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Civil Disobedience - Philosophy
Henry David Thoreau

Born in 1816 in Concord, Massachusetts, from an average family. He was a graduate of Harvard college and then became a teacher in the local school -- he lasted about two weeks after disagreeing with local officials. He then spent some time as a tutor and handyman, and then started to write. He found himself scandalized by the nation's acceptance of slavery and the Mexican/American war. We have quoted liberally below from the books in the following bibliography.

On July 4th, 1845 he moved his meager belongings to a cabin he had built in the woods near Walden Pond. There he was to declare his independence from the government for the next two years. He is "an example of the practicability of virtue, the deep-rooted individual who has the power to awaken his neighbors from their torpid lives of expediency to lives of principle."

In the middle of his life at Walden Pond he was arrested for not paying the local poll tax. He refused to pay as a way of demonstrating he did not recognize a government, "which buys and sells, men, women, and children, like cattle..." He spent a night in jail until the tax was paid by a family member.

His essay Civil Disobedience was an outgrowth of some of these experiences.

There are thousands who are in opinion opposed to slavery and the war . . . yet in effect do nothing to put an end to them . . . They hesitate, and they regret, and they sometimes petition; but they do nothing in earnest and with effect. They will wait, well disposed, for other to remedy the evil . . . There are nine hundred and ninety-nine patrons of virtue to one virtuous man. . .

Even voting for the right is doing nothing for it. It is only expressing to men feebly your desire that it should prevail. A wise man will not leave the right to the mercy of chance, nor wish it to prevail through the power of the majority. There is but little virtue in the action of masses of men. . .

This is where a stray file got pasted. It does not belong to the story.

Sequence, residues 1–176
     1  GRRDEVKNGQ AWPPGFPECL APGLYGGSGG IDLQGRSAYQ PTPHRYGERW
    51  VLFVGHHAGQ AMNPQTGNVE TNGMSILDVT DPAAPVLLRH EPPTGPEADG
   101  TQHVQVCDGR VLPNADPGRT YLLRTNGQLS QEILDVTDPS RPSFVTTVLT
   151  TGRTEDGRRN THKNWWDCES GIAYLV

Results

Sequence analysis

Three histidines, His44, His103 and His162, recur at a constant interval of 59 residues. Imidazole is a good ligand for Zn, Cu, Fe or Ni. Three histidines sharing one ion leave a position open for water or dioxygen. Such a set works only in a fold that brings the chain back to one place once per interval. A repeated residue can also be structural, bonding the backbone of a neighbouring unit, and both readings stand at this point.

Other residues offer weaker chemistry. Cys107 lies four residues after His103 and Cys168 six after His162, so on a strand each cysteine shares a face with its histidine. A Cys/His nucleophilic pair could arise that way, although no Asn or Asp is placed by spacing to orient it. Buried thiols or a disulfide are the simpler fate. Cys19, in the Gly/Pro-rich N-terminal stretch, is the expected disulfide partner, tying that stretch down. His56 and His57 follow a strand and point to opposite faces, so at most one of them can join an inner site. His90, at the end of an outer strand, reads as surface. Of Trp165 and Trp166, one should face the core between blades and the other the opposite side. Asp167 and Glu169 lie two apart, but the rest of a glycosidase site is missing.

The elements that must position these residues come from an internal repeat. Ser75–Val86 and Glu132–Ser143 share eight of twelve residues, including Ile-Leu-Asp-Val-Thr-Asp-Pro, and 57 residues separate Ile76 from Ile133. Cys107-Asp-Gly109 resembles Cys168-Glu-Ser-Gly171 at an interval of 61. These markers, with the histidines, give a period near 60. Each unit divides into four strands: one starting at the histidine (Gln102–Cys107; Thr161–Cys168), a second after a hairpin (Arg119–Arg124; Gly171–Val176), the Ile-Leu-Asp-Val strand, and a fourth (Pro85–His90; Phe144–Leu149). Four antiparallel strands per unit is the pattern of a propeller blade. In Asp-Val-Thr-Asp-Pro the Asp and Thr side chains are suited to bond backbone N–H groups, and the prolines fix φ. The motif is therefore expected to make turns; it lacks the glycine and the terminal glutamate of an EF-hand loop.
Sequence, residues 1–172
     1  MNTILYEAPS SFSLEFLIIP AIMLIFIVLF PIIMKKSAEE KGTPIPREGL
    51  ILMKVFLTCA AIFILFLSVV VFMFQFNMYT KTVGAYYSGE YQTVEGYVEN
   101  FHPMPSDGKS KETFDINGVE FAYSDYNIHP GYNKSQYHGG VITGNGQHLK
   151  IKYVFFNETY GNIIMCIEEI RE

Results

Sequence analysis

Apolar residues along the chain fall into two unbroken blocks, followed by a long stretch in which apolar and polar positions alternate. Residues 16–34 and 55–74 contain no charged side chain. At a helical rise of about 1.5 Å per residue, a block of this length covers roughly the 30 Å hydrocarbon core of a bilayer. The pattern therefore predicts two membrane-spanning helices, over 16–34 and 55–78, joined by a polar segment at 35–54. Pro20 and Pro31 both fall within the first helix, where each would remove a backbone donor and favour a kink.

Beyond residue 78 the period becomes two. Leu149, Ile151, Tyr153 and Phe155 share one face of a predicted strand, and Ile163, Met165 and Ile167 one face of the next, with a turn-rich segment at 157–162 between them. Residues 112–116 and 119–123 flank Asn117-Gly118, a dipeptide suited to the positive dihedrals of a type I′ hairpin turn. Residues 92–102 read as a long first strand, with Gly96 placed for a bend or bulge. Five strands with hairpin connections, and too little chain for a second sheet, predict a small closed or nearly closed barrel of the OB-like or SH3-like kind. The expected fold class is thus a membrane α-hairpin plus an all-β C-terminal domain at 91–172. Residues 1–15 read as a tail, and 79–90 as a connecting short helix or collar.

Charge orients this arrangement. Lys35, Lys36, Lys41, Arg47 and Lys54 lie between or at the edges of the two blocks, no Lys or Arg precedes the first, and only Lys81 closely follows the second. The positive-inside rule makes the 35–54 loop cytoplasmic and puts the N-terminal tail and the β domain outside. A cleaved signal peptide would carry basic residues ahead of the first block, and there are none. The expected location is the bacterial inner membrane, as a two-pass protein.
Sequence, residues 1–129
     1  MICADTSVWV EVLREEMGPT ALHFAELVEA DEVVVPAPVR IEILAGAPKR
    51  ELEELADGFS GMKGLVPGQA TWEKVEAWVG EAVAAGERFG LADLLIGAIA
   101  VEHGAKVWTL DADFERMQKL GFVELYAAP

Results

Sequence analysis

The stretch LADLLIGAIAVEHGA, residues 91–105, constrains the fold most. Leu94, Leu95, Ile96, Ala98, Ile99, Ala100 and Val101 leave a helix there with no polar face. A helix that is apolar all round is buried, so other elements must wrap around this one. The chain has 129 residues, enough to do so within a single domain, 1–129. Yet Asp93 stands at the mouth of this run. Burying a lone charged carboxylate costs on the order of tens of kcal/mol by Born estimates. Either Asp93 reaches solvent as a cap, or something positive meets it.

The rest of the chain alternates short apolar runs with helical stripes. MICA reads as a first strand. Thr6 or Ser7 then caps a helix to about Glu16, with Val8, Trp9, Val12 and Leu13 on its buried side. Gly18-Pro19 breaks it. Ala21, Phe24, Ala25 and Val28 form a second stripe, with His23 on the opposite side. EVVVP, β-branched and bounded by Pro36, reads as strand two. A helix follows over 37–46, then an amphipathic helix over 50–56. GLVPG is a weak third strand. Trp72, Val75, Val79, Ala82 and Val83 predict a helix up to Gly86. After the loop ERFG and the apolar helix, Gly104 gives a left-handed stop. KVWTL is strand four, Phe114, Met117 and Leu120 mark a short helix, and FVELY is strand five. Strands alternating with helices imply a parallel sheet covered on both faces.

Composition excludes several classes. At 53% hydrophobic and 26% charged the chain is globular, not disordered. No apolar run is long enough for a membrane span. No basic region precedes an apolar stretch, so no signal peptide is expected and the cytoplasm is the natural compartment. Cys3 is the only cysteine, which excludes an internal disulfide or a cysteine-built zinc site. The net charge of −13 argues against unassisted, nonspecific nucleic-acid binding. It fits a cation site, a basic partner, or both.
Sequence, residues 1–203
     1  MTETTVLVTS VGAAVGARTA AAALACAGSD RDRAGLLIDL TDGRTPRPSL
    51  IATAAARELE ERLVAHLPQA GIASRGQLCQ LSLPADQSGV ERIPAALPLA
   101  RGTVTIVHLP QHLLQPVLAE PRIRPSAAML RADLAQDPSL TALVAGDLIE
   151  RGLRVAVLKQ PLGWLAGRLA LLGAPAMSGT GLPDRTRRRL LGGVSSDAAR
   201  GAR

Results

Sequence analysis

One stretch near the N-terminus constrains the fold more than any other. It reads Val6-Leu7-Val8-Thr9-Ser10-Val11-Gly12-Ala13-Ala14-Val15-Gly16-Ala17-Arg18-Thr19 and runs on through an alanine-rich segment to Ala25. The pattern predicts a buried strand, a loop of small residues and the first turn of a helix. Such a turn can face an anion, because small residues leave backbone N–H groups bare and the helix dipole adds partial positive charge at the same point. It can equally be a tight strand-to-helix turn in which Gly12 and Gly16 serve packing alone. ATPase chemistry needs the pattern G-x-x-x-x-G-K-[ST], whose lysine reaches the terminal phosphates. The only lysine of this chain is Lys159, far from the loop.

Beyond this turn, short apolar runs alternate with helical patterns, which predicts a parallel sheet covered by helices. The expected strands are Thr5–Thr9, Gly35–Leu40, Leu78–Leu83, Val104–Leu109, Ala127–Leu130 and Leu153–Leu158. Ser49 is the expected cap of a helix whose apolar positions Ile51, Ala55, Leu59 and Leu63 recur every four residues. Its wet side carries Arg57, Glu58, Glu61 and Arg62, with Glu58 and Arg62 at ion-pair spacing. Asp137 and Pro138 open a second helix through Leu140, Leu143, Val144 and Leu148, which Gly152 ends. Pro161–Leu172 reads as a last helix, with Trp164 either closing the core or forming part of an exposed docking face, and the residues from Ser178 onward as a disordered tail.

Under a government which imprisons any unjustly, the true place for a just man in also a prison.

. . . But the rich man . . . is always sold to the institution which makes him rich. Absolutely speaking, the more money, the less virtue; for money comes between a man and his objects . . . Thus his moral ground is taken from under his feet. . .

When I converse with the freest of my neighbors, I perceive that, whatever they may say about the magnitude and seriousness of the question . . . the long and the short of the matter is . . . they dread the consequences of disobedience to their property and families . . . If I deny the authority of the State when it presents it tax-bill, it will soon take and waste all my property, and so harass me and my children without end. This is hard . . .

Thus the State never intentionally confronts a man's sense, intellectual or moral, but only his body. It is not armed with superior wit or honesty, but with superior physical strength.

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